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'Once again, I have the solemn duty of ordering the flag lowered,' Biden says after Indianapolis shooting

USA TODAY logo USA TODAY 4/19/2021 Joey Garrison, USA TODAY
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WASHINGTON — For the fourth time in less than five weeks, President Joe Biden ordered the flag at the White House to be lowered to half-staff Friday after an overnight shooting at a FedEx facility in Indianapolis killed eight people.

Biden remarked on the sad routineness of the order in a statement on the latest mass shooting in the U.S.

"While we await critical details about the shooting, its motivation and other key information," Biden said, "once again, I have the solemn duty of ordering the flag lowered at half-staff at the White House, public buildings and grounds, and military posts and embassies, just two weeks after I gave the last such order."

a group of people walking in front of a building: The flag above the White House flies at half staff in honor of the Indianapolis, Indiana shooting victims, in Washington, DC on April 16, 2021 as an honor guard setting up for the arrival for Japan's Prime Minister Yoshihide Suga is seen walking by. © MANDEL NGAN, AFP via Getty Images The flag above the White House flies at half staff in honor of the Indianapolis, Indiana shooting victims, in Washington, DC on April 16, 2021 as an honor guard setting up for the arrival for Japan's Prime Minister Yoshihide Suga is seen walking by.

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Yet again, he said, another shooting shows why action is needed to curb gun violence through "commonsense gun violence prevention legislation."

"Gun violence is an epidemic in America. But we should not accept it. We must act," he said.

More: FedEx shooting in Indianapolis: What we know about shooting that left 8 dead

Indianapolis Police responded to the FedEx Ground facility on the city's southwest side just after 11 p.m. Thursday in response to reports of shots fired. Four people died outside and four died inside plus the shooter, who police said died from a self-inflicted gunshot wound. Police are still seeking a motive.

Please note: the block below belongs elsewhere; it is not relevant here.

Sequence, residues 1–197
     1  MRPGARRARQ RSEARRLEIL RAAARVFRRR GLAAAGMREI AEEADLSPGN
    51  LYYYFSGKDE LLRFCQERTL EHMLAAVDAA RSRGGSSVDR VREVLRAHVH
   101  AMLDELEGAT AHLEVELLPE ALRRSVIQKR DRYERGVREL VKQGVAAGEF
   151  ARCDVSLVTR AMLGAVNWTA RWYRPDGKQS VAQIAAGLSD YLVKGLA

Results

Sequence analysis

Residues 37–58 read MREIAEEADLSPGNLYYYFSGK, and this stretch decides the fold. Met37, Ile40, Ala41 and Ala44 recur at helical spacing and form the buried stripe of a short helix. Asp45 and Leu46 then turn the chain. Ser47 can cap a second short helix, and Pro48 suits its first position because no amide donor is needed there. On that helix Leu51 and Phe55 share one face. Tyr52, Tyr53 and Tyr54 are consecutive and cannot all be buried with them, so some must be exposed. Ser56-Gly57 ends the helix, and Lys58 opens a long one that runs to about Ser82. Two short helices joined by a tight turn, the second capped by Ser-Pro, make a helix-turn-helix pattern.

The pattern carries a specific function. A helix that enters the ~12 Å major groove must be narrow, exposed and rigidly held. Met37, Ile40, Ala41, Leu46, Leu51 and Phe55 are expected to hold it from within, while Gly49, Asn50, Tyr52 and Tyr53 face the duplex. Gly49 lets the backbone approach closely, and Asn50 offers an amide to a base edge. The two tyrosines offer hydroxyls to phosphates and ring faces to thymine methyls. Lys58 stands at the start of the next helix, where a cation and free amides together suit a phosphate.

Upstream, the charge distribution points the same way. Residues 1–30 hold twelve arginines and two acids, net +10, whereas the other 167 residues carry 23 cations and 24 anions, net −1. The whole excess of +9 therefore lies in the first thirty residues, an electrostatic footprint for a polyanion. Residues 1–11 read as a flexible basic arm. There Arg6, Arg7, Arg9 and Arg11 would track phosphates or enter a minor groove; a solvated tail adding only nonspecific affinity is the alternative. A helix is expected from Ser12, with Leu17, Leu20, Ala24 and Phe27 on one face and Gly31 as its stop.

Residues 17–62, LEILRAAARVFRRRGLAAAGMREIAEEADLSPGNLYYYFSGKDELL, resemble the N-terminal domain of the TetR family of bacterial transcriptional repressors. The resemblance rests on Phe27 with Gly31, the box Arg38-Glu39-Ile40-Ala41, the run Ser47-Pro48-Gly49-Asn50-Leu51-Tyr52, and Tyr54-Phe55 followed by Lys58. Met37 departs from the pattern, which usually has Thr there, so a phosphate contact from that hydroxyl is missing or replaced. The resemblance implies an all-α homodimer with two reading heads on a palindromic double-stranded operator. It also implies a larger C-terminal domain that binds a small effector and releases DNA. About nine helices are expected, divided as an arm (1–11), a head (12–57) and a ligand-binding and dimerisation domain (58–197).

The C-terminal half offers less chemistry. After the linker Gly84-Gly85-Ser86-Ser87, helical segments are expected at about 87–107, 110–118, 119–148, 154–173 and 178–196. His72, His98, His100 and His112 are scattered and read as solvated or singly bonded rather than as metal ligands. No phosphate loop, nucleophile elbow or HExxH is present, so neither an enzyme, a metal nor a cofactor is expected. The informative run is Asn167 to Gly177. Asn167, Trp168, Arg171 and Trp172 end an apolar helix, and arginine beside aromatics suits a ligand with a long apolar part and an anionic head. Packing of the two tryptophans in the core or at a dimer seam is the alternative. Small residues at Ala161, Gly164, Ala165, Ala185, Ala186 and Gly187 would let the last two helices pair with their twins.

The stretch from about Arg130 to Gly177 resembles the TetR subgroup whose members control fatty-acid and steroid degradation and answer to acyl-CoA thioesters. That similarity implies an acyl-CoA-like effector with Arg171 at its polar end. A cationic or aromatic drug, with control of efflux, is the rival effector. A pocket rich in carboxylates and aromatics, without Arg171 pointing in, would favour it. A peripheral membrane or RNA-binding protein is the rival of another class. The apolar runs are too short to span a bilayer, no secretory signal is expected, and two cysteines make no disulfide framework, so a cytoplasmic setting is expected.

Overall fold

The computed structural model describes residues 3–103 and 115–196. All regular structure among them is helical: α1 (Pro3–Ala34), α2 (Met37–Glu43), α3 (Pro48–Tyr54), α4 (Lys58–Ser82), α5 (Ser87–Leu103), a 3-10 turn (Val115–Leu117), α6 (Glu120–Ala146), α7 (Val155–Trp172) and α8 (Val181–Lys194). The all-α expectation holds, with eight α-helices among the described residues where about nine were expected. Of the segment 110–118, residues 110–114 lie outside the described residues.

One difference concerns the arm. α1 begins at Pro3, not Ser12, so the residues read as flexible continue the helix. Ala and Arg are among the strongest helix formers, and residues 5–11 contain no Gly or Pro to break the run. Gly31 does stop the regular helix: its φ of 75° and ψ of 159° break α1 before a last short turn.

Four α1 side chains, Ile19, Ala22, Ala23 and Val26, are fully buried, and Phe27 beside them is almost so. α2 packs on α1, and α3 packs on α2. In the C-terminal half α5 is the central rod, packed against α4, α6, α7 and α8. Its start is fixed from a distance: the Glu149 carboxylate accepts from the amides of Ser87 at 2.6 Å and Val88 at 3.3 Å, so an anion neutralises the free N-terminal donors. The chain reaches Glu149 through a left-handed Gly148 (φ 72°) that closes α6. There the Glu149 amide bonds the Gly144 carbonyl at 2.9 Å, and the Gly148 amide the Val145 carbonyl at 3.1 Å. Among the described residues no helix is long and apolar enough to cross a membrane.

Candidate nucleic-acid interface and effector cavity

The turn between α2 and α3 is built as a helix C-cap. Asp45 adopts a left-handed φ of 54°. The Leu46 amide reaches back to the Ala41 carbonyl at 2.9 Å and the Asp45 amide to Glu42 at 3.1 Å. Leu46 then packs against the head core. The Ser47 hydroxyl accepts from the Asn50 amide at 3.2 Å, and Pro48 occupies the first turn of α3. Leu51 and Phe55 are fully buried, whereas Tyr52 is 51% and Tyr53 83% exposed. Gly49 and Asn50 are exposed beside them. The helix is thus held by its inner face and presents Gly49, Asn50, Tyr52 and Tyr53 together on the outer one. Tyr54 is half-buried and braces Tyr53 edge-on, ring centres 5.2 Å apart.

Biden called gun violence in the U.S. "a national embarrassment" during a news conference Friday after hosting Japan Prime Minister Yoshihide Suga at the White House. He defended moving forward on a $2.25 trillion infrastructure package while legislative action on gun control lags, arguing both can be tackled at the same time.

"Who in God's name needs a weapon that can hold 100 rounds, or 40 rounds, or 20 rounds?" Biden said. "It's just wrong. And I'm not going to give up until it's done."

In just the past month, the U.S mourned eight killed March 16 at three spas in the Atlanta and 10 people killed less than a week later inside a supermarket in Boulder, Colorado. The White House also lowered flags after a driver April 2 rammed his car into two officers and a barricade near the U.S. Capitol, killing Capitol Police Officer William "Billy" Evans.

"Last night and into the morning in Indianapolis, yet again families had to wait to hear word about the fate of their loved ones," Biden said. "What a cruel wait and fate that has become too normal and happens every day somewhere in our nation."

'We have to act': Biden calls on Congress to move fast on background checks, assault weapon ban after Boulder shooting

Earlier this month — with gun control activists and families of gun victims on hand — Biden signed six executive orders on guns that includes tightening restrictions on so-called ghost guns, or untraceable weapons that can be constructed from parts purchased online.

He's also pushing for passage of three bills that address gun background checks that have passed the House but face uphill battles in the evenly divided Senate. One would expand background checks on individuals seeking to purchase or transfer firearms, while another would close the so-called Charleston loophole, which allows gun sales to proceed without a completed background check if three business days have passed.

"Too many Americans are dying every single day from gun violence. It stains our character and pierces the very soul of our nation," Biden said.

More: Biden looks to stem 'ghost guns,' unveils other steps to curb gun violence 'epidemic'

a green traffic light at night: The scene outside a FedEx facility in Indianapolis where multiple people were reportedly shot late Thursday night, April 15, 2021. © AP The scene outside a FedEx facility in Indianapolis where multiple people were reportedly shot late Thursday night, April 15, 2021.

The Justice Department, under Biden's direction, is working on proposing a rule in the coming weeks to close a regulatory loophole that allows ghost guns, which lack serial numbers, to be purchased without a background check.

At Friday's White House press briefing, press secretary Jen Psaki said, “This is actually the third mass shooting in Indianapolis this year," a reference to other shootings in the city that killed multiple people.

Biden noted that Friday also marked the 14th anniversary of a shooting at Virginia Tech University that killed 33 people.

"We can, and must, do more to act and to save lives," Biden said. "God bless the eight fellow Americans we lost in Indianapolis and their loved ones, and we pray for the wounded for their recovery."

Reach Joey Garrison on Twitter @joeygarrison.

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This article originally appeared on USA TODAY: 'Once again, I have the solemn duty of ordering the flag lowered,' Biden says after Indianapolis shooting

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